MONTVILLE, NJ - The public portion of last month's Montville Township Committee meeting opened up the floor to Towaco resident Ellen Conlon who gave an appeal to the Committee regarding the town's handling of the Old Lane sewer expansion project.
"I've come in peace," Conlon stated at the beginning of her remarks. Conlon detailed the events over the past six years that led to her standing before the township committee to ask for their assistance in helping to resolve the payment obligations for the potential Old Lane sewer expansion project. Conlon said the residents impacted by the project understood they would be responsible for paying the connection fee of $6,373 as part of "their contribution" to the project. However, Conlon said it was suggested at a Long Term Financial Planning Committee meeting that the impacted residents would also be asked to share in the capital cost of the project, which have increased from an estimated $1.7 million in 2017 to nearly $2.8 million currently.
"I implore [the Township Committee] to please keep to the original agreement and statements told to homeowners and honor the connection fee of $6,373 without capital costs. I ask you to make the ethical decision," Conlon concluded to a standing ovation by the thirty plus residents in attendance.
A few other residents impacted by the project also spoke during the public portion of the meeting to offer their time to "help figure this puzzle out" and to understand the "communication gap" between the town and the residents.
“This body right here will be making the final decision on what happens in Montville Township,” Mayor Richard Conklin said in response to Conlon’s comments about the many meetings over the years with individuals holding various capacities within the township. “We have twenty-three thousand residents in Montville Township and my concern is what happens to all of those twenty-three thousand people. We have an area in Montville Township where we have a major concern and that’s an issue to me...but the funding for this project will be shared by the rate payers who are on the sewer system in all of Montville Township so that has to all be figured out.”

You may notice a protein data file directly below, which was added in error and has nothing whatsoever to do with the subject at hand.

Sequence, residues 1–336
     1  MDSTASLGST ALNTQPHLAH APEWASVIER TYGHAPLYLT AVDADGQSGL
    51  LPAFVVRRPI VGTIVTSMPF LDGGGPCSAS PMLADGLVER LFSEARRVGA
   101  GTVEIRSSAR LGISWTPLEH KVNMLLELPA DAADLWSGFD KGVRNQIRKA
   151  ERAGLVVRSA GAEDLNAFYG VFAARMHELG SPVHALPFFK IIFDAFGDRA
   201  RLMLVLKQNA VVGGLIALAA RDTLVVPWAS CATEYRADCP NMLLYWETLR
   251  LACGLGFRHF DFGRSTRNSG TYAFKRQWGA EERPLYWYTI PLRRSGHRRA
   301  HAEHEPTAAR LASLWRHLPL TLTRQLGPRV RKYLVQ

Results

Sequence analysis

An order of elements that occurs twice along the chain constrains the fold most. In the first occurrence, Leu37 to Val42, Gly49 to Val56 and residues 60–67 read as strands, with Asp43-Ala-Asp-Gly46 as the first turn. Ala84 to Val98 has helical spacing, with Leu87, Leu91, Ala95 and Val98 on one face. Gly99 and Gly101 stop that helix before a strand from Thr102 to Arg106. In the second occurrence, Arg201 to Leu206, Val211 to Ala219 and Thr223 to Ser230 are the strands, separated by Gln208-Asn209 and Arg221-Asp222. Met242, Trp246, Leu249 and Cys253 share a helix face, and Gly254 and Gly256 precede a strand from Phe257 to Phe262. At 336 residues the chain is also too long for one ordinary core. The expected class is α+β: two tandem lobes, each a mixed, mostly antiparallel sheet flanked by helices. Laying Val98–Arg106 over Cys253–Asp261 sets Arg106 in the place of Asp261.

Conklin said it looked like the project was moving forward but explained that the fees associated with the project are not totally at the discretion of the township committee so he “wasn’t sure where it will come out.” Conklin said the fees are determined by a formula provided by the state of New Jersey.
The township committee agreed to appoint a sub-committee who would research this issue, talk to residents and make a recommendation to the full governing body after assessing the situation. Conklin said part of that assessment is to understand the math related to the project.
“The long term financial planning committee is strictly an advisory committee...they give us the facts and figures and we will do the interpretation and the final decision will come from us,” Conklin said.
Township Attorney Fred Semrau advised committee member Matthew Kayne not to participate in the discussion as a member of the governing body since Kayne is directly impacted by the outcome of the project; at which time, Kayne removed himself from the dais.
Committee member June Witty indicated the youth center transition from social services to the recreation department is currently in progress.
“The youth center is not being used as much as it could be,” Township Administrator Victor Canning said. “The goal is to use the building and have school children socializing with each other.” Canning said Recreation Department Director Lori Dent is in the process of thinking of ideas and working on programs to be held at the youth center.
Committee member Kayne took time during the meeting to publicly thank Montville’s first responders for doing a “phenomenal job” during a recent family emergency where the police and EMT treated his in-laws with “white gloves.”
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